20 May Higher Suicide Rates Among Black Than White Children
Medical Research: What is the background for this study?
Dr. Bridge: Suicide is a leading cause of death among children younger than 12 years. Suicide rates in this age group have remained steady overall for the past 20 years, but this is the first national study to observe higher suicide rates among black children compared to white children. Little is known about the epidemiology of suicide in this age group, as prior research has typically excluded children younger than 10 years old and investigated trends only within specific older age groups.
Medical Research: What are the main findings?
Dr. Bridge: We found that suicide ranked 14th as a cause of death among 5- to 11-year old black children in 1993-97 but rose to 9th in 2008-12. For white children, suicide ranked 12th in 1993-97 and 11th in 2008-12. Rates have remained stable in Hispanic and non-Hispanic children. The findings in this study highlight an emerging racial disparity in the epidemiology of childhood suicide.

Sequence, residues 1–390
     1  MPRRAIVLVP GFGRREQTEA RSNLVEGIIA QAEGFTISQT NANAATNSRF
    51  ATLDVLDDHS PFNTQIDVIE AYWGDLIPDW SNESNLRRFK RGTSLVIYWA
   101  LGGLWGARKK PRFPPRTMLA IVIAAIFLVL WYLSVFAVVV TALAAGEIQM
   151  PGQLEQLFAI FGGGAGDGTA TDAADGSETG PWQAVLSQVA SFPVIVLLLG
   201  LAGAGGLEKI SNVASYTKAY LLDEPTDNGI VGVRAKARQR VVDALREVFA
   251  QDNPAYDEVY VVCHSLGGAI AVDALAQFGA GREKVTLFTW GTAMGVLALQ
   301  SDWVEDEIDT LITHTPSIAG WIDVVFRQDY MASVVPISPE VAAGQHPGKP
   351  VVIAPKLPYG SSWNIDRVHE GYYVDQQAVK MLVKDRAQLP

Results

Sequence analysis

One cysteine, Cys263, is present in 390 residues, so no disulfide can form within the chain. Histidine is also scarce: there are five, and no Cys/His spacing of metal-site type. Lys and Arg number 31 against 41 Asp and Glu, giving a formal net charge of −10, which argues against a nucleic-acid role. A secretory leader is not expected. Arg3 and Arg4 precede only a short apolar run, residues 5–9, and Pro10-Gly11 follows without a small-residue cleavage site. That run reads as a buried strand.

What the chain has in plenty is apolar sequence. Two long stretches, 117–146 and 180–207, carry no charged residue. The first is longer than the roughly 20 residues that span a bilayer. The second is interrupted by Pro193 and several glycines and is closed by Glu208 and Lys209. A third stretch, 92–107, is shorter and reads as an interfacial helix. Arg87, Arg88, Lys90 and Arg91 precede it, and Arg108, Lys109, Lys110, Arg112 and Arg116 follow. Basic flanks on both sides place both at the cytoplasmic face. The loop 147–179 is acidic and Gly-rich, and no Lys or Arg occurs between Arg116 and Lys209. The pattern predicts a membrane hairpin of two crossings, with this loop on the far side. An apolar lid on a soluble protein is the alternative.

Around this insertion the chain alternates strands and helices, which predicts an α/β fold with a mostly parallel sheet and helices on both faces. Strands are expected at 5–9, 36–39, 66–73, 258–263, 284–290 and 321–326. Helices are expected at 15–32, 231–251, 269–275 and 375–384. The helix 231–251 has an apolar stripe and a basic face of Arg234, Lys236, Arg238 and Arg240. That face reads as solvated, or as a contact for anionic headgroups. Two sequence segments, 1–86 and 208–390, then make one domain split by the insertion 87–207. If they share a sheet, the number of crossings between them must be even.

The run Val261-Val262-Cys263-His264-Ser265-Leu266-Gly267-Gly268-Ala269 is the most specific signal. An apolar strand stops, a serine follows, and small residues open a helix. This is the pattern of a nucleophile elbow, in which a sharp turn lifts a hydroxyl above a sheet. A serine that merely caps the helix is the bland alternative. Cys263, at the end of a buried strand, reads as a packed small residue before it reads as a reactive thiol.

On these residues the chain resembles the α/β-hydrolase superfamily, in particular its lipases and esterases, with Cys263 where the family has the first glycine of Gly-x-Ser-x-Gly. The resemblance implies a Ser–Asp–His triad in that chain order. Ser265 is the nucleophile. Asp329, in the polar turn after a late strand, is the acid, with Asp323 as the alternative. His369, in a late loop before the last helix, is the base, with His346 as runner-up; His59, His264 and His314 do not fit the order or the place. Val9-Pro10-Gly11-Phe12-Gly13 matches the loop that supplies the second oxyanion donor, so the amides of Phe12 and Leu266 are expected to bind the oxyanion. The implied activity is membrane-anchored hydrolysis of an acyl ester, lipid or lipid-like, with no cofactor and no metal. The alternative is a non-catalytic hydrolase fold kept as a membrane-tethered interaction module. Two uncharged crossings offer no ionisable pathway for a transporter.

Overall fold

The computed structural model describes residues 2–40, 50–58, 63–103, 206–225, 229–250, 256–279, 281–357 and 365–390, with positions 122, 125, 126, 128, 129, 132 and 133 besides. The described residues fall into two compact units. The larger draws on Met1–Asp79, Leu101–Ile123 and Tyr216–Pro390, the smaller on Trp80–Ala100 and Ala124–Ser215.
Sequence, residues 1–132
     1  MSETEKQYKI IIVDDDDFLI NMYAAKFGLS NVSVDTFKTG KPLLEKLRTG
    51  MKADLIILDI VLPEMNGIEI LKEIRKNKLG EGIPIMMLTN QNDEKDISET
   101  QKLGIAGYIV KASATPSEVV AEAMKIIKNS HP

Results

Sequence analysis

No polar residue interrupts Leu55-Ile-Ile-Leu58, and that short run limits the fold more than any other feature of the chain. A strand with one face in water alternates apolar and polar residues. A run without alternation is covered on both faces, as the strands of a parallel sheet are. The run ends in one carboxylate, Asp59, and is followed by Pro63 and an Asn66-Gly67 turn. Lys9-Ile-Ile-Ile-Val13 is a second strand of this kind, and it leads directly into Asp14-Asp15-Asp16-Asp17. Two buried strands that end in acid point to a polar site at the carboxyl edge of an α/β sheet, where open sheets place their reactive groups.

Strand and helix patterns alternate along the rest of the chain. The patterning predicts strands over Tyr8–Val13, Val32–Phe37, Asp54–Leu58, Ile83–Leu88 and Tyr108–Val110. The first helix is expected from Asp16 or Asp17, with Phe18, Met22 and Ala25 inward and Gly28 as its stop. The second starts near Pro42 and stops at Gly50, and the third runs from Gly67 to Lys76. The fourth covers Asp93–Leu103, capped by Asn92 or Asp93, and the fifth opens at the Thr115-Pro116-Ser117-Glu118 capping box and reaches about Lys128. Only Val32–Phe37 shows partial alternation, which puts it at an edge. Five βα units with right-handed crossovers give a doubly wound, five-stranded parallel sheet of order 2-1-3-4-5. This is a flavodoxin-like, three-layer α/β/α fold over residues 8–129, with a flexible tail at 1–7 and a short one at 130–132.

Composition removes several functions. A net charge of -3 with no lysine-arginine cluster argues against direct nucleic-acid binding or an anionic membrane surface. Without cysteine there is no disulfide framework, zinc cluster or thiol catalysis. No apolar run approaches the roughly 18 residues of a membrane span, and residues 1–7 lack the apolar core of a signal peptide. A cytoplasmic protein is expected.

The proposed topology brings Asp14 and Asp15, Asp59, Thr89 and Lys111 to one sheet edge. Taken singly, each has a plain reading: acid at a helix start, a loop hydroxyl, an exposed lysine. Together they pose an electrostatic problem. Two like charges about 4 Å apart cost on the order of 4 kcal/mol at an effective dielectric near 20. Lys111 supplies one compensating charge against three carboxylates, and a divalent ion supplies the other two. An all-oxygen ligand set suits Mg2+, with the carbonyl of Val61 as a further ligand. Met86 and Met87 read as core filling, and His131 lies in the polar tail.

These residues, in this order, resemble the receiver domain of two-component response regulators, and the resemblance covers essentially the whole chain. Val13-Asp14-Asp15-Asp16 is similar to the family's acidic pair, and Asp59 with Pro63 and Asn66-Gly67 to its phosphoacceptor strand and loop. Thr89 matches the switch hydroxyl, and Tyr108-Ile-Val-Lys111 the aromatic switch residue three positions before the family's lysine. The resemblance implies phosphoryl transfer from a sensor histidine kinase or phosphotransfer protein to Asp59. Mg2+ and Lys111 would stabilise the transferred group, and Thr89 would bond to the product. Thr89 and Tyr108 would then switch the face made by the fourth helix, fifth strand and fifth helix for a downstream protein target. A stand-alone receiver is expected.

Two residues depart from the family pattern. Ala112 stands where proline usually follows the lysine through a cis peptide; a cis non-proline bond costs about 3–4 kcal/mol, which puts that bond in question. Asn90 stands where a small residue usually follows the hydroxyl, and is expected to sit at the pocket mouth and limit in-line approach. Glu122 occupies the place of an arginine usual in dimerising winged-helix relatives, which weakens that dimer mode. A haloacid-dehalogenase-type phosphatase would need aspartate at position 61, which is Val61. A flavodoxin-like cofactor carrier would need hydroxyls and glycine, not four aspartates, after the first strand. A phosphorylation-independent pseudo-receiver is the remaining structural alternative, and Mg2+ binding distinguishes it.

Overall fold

Medical Research: What should clinicians and patients take away from your report?
Dr. Bridge: Parents and health care providers need to be aware that children under the age of 12 can and sometimes do think about suicide. It is important to ask children directly about suicide if you are concerned about a child. Research has refuted the notion that asking children directly about suicide may trigger subsequent suicidal thinking or behavior. Additionally, parents need to be aware of the warning signs of suicide. If their child is unhappy for an extended period, withdrawing from friends or school activities or increasingly irritable, then parents should be concerned about those behaviors and consider taking the child to see a mental health professional.
Medical Research: What recommendations do you have for future research as a result of this study?
Dr. Bridge: We are currently working on a follow-up study to investigate precipitants of suicide that distinguish children under the age of 12 from early adolescents. We may need to tailor suicide prevention interventions for younger children if we find that the factors contributing to child suicide are different than those associated with adolescent suicide.
MedicalResearch.com Interview with: Jeff Bridge, Ph.D, Center for Innovation in Pediatric Practice, Principal Investigator, & The Research Institute at Nationwide Children’s Hospital (2015). Higher Suicide Rates Among Black Than White Children